Losing a favorite character due to poor battlefield maneuvering riles emotions more than any cinematic. Allies gain experience with each duel survived, and once they eclipse level ten, players spend Master Seals to upgrade or alter their classes. (The Archer, for example, becomes a Bow Knight or Sniper.) But those two dozen hours of outfitting an individual with the best gear, ensuring he or she strikes the killing blow on the enemy commanders, and establishing friendships with initially antisocial team members can end in a single turn, and the other 30-odd heroes may never replace their fallen comrade.

 

I will hear no complaints about Awakening's multiple presentation styles.

 

Still, the odds are rarely stacked against you. Selecting an enemy highlights its movement range, and the game compares your combatant’s attack power, hit percentage, and critical rating before you instigate a duel. In addition, adjacent champions instinctively aid each other, granting stat boosts and a chance to shield teammates from retaliatory strikes. The developers then take this tag teaming to a whole new level. Players may pair up heroes, which buffs one fighter’s abilities (since he or she does all the attacking and dodging). Pairs also move together and can be switched around or separated at the cost of their turn, which poses a risk once the game piles on the hostile reinforcements.

The longer two individuals fight side by side, however, the stronger their relationship grows. If characters of the opposite sex achieve an S rank in their relationship, they will marry, and their children can be recruited to your party for narrative reasons I will avoid spoiling. This leads to an important question. Do you play matchmaker between your most cherished fighters, or pair potential partners based on the abilities their offspring may inherit?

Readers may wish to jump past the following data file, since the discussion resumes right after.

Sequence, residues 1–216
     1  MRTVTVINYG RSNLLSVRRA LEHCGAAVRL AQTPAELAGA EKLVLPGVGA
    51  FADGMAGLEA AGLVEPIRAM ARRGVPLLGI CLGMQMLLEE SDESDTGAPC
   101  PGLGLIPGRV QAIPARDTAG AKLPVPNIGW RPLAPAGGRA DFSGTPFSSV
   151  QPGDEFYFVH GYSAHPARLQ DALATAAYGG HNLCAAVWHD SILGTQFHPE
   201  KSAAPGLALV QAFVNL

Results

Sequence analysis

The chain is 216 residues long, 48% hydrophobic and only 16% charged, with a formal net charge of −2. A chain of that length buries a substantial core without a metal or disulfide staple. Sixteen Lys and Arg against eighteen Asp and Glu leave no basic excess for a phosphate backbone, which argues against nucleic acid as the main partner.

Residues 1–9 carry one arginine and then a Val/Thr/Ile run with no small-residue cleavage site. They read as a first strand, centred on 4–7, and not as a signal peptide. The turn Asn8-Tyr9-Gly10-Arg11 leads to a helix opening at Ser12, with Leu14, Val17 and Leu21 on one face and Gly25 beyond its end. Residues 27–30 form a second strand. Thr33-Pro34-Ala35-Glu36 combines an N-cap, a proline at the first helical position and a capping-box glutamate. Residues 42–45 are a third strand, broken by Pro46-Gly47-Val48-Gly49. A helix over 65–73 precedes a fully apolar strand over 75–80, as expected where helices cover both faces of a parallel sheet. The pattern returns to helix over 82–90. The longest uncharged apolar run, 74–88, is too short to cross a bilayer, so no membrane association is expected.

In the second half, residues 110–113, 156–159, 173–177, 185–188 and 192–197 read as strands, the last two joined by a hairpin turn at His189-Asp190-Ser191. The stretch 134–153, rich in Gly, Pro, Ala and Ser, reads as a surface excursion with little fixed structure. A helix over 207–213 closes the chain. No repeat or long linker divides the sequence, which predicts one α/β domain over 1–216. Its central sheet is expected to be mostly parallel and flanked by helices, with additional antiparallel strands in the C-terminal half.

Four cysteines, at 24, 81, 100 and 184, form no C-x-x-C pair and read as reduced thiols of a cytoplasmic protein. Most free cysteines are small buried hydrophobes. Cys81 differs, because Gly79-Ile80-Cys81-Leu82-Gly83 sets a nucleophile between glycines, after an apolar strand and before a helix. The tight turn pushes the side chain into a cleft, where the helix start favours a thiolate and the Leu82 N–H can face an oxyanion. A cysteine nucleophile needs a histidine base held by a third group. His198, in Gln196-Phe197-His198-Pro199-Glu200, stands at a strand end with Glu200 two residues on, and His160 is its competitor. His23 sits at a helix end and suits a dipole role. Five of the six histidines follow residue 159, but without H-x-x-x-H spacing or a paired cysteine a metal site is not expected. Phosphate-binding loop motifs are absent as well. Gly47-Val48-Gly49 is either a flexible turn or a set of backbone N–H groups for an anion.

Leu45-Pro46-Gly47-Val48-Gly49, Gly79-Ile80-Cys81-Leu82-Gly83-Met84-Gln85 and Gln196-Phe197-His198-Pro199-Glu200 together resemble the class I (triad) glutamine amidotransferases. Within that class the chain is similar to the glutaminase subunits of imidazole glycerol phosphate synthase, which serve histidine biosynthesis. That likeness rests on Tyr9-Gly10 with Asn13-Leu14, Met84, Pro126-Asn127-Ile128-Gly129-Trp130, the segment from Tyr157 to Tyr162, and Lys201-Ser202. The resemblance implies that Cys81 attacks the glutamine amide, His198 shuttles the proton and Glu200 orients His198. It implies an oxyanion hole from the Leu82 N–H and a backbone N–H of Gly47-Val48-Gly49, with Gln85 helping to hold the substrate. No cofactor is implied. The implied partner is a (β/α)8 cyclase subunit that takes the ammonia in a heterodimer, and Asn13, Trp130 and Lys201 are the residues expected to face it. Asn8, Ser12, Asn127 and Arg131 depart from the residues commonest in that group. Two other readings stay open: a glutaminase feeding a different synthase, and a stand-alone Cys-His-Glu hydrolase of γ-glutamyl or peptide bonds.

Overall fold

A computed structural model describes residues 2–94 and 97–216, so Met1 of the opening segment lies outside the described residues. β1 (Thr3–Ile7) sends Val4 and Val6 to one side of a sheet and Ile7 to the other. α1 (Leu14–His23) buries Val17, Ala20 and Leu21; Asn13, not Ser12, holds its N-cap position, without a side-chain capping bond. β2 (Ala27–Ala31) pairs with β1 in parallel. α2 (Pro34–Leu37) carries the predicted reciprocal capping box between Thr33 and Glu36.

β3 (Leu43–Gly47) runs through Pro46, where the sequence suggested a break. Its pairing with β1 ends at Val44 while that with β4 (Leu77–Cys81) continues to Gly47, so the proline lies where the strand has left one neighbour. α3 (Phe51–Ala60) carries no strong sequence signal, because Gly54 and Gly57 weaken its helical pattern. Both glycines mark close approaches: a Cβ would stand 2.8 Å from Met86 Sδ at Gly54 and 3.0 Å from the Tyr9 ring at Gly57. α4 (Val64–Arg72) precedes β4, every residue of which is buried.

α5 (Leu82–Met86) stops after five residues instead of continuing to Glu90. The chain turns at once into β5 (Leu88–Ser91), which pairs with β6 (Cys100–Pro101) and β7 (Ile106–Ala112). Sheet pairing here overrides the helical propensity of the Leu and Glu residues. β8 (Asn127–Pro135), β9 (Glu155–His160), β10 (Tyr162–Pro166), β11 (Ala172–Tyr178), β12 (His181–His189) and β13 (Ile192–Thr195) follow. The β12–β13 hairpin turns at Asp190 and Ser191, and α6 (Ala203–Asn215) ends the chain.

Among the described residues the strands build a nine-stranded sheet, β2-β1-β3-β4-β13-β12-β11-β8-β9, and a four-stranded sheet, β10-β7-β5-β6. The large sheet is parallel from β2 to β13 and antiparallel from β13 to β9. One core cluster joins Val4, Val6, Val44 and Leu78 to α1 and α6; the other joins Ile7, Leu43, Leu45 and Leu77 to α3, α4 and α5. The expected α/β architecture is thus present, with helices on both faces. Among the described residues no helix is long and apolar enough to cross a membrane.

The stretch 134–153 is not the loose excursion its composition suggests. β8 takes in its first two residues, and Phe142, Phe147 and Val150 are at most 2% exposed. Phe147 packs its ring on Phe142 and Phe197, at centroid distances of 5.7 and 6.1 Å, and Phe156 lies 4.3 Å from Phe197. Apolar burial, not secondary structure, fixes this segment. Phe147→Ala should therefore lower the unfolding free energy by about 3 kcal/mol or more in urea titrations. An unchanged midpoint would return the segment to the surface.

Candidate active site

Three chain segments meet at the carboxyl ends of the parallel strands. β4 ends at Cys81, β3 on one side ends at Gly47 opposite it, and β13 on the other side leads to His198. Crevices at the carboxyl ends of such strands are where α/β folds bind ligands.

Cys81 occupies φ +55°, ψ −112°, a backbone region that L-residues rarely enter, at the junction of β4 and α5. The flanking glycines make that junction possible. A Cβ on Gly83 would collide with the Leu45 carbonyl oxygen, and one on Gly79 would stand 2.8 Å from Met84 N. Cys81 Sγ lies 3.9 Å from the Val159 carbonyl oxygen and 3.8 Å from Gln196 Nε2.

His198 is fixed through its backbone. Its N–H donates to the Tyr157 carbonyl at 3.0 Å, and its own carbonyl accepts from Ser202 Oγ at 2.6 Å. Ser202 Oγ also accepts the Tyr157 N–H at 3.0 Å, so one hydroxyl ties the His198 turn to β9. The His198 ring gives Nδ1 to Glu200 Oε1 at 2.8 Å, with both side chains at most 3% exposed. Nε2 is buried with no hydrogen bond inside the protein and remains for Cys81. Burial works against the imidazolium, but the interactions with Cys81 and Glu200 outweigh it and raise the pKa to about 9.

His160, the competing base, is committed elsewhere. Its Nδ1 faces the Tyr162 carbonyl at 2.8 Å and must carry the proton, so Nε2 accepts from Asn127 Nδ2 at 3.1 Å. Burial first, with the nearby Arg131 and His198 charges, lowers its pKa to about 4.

Donnel turns out to be a real underdog. Wait until he ascends to a higher class. 

 

Most of the characters join your group automatically, though some story battles contain neutral individuals reluctant to die for the enemy’s cause, and Chrom can convince these rogues to have a change of heart before allies unknowingly slaughter them. Paralogues (side quests) and Xenologues (DLC missions) are a great source of new and powerful warriors, too. These chapters require certain victory conditions be met before the protagonists join Chrom and his Shepherds, such as leveling up a simple farmhand before the end of the fight.

Players will want to complete as many Paralogues that appear on the world map, as well as any Xenologue missions they can afford. The last six chapters lead to an almost off-putting difficulty spike, and the enemy AI ‒ which already pours through openings in your measly defenses ‒ starts exploiting weaknesses it previously ignored. The antagonists’ luck often hits the jackpot too, wherein attacks with only a 20-percent success rate seem to connect every time. I considered restarting the campaign (20 hours in) on Casual mode during this final stretch, because losing better units can be a serious detriment to the party’s melee/magic balance. Except, a solid afternoon of grinding levels rectified the problem, and the combat’s harrowing back and forth nature never made the ordeal a chore.

JRPGs require a significant time commitment, though few reward that investment like Fire Emblem: Awakening. You grow attached to your fighters, you pick favorites, and you punish those that annoy you by “accidentally” leaving them exposed in battle. The AI will challenge your strategies and test your resolve each step of the way, and not even the occasional instance of awkward storytelling can sully a recommendation. As a game of chess with a hint of chance, Fire Emblem: Awakening deserves to be played by every 3DS owner.  

Publisher: Nintendo
Developer: Intelligent Systems
Release Date: February 5, 2013
Number of Players: 1 (Campaign), 2 (Local Multiplayer)
Platforms: Nintendo 3DS (Reviewed)

ZestfulClown's picture

I am officially buying a 3ds for this game and the new pokemans

John Tarr's picture

Damn, this game sounds like it was made just for me. I have been hooked on roguelikes and other super difficult games recently. I wish I didn't have to buy a 3DS just to play it...

Josh Kowbel's picture

@John Tarr: 

Give it long enough and I'm sure there'll be an emulator/ROM available.